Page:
It sounds very good, and the problem is solved, but what are the side effects?

Changes brought by Fiber

After replacing the core with Fiber, there are some costs to be paid. The work in Fiber is actually divided into two stages:

  1. render/reconciliation
  2. commit

Simply put, the first stage is to find the parts that need to be changed, and the second stage is to actually apply these changes to the DOM. The first stage can be interrupted and can be re-executed, while the second stage is the same as before and must be done in one go.

And these two stages correspond to different life cycles:

First stage

  • componentWillMount
  • componentWillReceiveProps
  • shouldComponentUpdate
  • componentWillUpdate

Second stage

  • componentDidMount
  • componentDidUpdate
  • componentWillUnmount

Because the first stage can be interrupted and re-executed, the functions in this stage may be called many times.


(Picture source: Lin Clark - A Cartoon Intro to Fiber - React Conf 2017)

So, if you used to call the API to get data in componentWillMount, for example, you would call the API more than once, wasting some bandwidth. If you want to change it, you need to move this code to componentDidMount, which will ensure that it is only called once.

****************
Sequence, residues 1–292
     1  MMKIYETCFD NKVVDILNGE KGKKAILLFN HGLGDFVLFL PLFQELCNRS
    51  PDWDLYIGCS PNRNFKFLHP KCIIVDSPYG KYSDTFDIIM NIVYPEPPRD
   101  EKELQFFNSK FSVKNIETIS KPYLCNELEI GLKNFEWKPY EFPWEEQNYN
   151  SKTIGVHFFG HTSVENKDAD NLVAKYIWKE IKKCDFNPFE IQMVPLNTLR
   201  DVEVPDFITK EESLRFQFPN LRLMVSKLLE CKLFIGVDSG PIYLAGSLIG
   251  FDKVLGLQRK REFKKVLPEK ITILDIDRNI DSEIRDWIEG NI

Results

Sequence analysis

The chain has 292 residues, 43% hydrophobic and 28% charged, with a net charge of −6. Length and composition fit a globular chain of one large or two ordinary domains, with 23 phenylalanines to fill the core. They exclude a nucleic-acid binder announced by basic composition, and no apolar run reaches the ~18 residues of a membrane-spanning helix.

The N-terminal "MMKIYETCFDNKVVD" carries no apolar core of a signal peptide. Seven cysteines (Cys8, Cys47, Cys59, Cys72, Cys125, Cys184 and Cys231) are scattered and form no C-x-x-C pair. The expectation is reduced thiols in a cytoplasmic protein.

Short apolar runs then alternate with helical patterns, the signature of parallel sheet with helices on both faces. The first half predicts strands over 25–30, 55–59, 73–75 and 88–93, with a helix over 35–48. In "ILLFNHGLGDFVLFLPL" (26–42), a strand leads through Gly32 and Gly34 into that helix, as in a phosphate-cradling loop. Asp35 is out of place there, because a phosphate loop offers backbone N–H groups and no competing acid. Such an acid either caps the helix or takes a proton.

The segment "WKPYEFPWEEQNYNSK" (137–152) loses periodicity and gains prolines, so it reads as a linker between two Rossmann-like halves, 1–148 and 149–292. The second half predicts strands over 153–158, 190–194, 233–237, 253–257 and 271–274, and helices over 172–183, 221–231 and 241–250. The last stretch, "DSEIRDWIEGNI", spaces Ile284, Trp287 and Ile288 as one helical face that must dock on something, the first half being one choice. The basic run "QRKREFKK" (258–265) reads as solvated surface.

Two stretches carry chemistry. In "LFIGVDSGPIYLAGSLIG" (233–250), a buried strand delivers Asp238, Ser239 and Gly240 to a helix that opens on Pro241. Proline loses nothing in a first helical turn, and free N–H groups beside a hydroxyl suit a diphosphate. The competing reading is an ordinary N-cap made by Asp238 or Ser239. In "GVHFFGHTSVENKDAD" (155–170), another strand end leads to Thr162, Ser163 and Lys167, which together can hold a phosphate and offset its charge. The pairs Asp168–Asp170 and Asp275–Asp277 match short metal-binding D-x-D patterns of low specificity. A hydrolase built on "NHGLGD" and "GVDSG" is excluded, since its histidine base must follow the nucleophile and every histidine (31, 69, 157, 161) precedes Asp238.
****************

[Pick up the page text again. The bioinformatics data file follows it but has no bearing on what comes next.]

In short, since the internal mechanism was changed to Fiber (starting from React 16, so if you are using version 16 or above, it is already Fiber), the number and method of calling React’s lifecycle functions will be different from before.

In addition, there is the difference in the order I mentioned at the beginning, which is also a noteworthy part. Although it doesn’t seem like a big problem, if you don’t know this, you may encounter some inexplicable bugs.

The future of React

React 16.3 was officially released yesterday, accompanied by the official context API and lifecycle changes.

With the official launch of Fiber, we can expect more exciting new features in the future. For example, time slicing mentioned in Sneak Peek: Beyond React 16, which makes the entire app experience smoother.

And Update on Async Rendering also mentions progress on asynchronous rendering.

Since the internal mechanism was changed to Fiber, async rendering has been able to achieve maximum performance.

However, there are some costs to pay for async rendering. The original lifecycle API may have some problems in this scenario. The official website has given many common examples, including the problem that componentWillMount will be called multiple times: